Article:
Film Review: Bram Stoker’s Dracula (1992)

Also known as: D (working title)
Release Date: November 10th, 1992 (Hollywood premiere)
Directed by: Francis Ford Coppola
Written by: James V. Hart
Based on: Dracula by Bram Stoker
Music by: Wojciech Kilar
Cast: Gary Oldman, Winona Ryder, Keanu Reeves, Anthony Hopkins, Richard E. Grant, Cary Elwes, Billy Campbell, Sadie Frost, Tom Waits, Monica Bellucci, Jay Robinson

Osiris Films, American Zoetrope, Columbia Pictures, 128 Minutes, 155 Minutes (original cut)

Review:

“Do you believe in destiny? That even the powers of time can be altered for a single purpose? That the luckiest man who walks on this earth is the one who finds… true love?” – Dracula

While I was never a massive fan of this Dracula adaptation, which I will get into, I’ve still always enjoyed it. It’s generally well acted and it looks incredible. I also have to say that it’s stood the test of time, as it doesn’t feel as dated as I thought it would and because many people still talk about it and refer to it as one of their favorite vampire films of all-time.

I think that Francis Ford Coppola did a good job in giving the famous novel some new life and helped to inject vampire movies back into the mainstream consciousness. However, it does fall short of the great 1994 Interview With A Vampire adaptation, as well as some of the other Dracula movies of the past.

This tossed away certain tropes, as Dracula no longer takes on the visual style of Bela Lugosi’s Dracula and instead, was reworked with inspiration taken from Catholicism. The hair is different, the costume is different and its sort of refreshing, allowing this movie to actually break the mold and exist as its own thing, as opposed to just another rehash of what Dracula movies had been for sixty years.

The film also uses characters from the book, who were mostly ignored in the countless other adaptations. In a lot of ways, this is very accurate to Stoker’s original work. However, it also has some major differences, which makes it more of Coppola’s Dracula than Stoker’s Dracula.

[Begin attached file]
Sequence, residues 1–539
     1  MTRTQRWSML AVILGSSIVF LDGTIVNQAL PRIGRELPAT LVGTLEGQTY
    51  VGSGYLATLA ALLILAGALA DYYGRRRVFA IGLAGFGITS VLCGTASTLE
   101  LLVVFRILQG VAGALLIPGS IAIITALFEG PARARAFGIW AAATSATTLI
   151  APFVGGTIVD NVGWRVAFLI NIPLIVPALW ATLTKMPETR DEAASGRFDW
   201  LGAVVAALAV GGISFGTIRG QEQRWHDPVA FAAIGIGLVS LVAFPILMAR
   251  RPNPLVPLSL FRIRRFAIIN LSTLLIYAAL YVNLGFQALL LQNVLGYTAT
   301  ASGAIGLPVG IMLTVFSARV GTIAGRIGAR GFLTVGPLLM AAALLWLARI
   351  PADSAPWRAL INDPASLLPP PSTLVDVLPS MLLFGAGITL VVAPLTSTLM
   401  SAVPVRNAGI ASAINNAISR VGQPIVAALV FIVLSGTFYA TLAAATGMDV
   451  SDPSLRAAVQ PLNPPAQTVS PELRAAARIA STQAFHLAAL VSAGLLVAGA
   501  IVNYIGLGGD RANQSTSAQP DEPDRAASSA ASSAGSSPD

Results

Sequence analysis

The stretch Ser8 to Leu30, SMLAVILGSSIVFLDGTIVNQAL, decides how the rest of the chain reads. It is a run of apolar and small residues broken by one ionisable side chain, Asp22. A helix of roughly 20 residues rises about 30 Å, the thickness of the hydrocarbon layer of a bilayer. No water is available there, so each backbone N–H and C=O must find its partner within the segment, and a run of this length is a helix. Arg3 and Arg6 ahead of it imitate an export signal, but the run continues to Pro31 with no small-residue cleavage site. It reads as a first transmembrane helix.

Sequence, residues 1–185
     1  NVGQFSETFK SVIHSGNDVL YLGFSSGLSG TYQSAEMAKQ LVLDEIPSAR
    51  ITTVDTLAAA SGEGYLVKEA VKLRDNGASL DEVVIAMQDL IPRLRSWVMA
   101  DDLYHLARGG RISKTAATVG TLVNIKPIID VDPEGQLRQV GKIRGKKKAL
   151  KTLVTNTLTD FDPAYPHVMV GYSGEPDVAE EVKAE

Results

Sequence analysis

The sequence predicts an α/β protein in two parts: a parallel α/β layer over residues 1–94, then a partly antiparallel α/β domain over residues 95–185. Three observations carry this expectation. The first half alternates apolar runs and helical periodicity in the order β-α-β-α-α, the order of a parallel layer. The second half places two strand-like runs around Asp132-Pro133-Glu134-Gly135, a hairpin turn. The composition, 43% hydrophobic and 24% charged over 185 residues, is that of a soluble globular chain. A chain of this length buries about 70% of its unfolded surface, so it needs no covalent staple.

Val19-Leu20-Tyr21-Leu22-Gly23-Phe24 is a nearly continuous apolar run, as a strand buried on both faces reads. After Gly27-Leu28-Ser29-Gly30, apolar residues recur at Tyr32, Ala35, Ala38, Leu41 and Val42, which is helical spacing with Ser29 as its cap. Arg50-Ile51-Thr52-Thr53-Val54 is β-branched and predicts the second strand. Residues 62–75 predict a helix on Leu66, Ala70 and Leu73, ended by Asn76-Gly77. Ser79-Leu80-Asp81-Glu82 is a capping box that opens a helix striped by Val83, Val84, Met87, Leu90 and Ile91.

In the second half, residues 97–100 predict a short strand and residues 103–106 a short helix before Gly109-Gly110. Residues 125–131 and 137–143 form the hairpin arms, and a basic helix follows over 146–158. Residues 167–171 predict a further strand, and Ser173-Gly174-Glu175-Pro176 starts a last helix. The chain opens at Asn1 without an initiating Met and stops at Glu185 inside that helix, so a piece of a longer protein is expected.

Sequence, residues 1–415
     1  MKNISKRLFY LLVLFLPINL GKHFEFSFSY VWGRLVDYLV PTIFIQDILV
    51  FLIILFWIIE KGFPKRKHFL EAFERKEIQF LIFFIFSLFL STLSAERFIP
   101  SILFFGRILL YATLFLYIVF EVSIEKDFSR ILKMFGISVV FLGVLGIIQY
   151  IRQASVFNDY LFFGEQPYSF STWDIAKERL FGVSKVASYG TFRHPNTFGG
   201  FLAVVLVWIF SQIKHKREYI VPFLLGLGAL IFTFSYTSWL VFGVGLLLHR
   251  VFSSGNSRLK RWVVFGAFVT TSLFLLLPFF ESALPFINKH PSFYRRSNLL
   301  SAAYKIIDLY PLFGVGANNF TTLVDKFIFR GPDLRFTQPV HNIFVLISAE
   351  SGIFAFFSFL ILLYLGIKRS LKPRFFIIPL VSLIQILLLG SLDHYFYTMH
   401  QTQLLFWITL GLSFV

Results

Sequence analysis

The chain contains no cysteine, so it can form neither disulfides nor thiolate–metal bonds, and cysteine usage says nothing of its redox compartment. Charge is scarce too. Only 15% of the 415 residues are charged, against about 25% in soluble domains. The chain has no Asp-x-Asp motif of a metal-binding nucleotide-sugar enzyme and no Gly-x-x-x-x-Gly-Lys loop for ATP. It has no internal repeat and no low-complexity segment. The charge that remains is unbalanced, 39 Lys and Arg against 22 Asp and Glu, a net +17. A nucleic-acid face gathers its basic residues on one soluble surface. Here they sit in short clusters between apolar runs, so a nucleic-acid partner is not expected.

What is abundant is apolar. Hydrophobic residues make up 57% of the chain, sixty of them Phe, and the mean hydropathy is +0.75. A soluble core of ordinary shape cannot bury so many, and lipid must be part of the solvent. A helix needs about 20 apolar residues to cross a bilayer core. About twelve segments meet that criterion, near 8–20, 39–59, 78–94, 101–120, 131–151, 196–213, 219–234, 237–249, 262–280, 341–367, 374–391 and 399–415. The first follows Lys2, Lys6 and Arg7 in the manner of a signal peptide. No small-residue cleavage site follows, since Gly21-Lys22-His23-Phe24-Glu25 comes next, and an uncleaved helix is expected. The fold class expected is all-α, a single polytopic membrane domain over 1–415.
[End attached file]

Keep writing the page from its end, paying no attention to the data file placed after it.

The biggest of these changes is Dracula’s origin, which now connects him to Vlad the Impaler, a historical ruler of Romania, who fought off and conquered the Turks. Additionally, we see how he becomes a vampire, where the original novel didn’t really answer that question.

Beyond that, this is much more about romance, as Mina has an attraction to Dracula and he allows her to choose him. In the novel, Dracula didn’t care about love and his goal was to move to England and drain it of blood. That being said, I do like this modification that Coppola made and it gives the story more nuance, context and purpose. Plus, these moments between Dracula and Mina were beautifully shot and well acted.

My biggest gripe with the film, which sucks to admit, was that Keanu Reeves was out of his depth. I know that it is popular to criticize his performance in this film but those criticisms aren’t wrong. His British accent is somehow off, feeling forced and unnatural. Also, every time he shares the screen with Gary Oldman, he is outshined by a very wide margin. I guess Christian Slater was originally cast as Jonathan Harker and man, what a different and probably much better movie this could have been, especially when considering Slater and Winona Ryder’s chemistry in Heathers.

A strong positive for me, is that Coppola insisted on using old school effects techniques, as opposed to relying on newly developing CGI technology. The effects shots are really neat and give them film a sort of authenticity that CGI just can’t replicate, even now, nearly thirty years later.

The practical monster effects, the costumes, the hair, the makeup, all of that stuff is phenomenal and it has all held up so well.

I also like that this wasn’t filmed on location and that Coppola did just about everything indoors on massive soundstages. It gives the film a great, classically cinematic look and it reminds me of Hammer’s vampire films, as well as the old Universal Monsters pictures.

Lastly, the score is fucking perfection. Wojciech Kilar created one of the most iconic horror scores of all-time. The main theme of the film is even better, as it has become just as iconic as this film, if not, more so. I wish Kilar did more American movies over the course of his career but between this and his score from The Ninth Gate, he’s one of my favorite composers that I discovered in the ’90s.

Bram Stoker’s Dracula is a better film than I remembered it being. I still can’t say that it’s on my Mount Rushmore of Dracula adaptations but it’s one of the most unique and coolest versions of the story.

Rating: 8/10
Pairs well with: Interview With A Vampire, as well as other vampire films from the late ’80s through mid-’90s.

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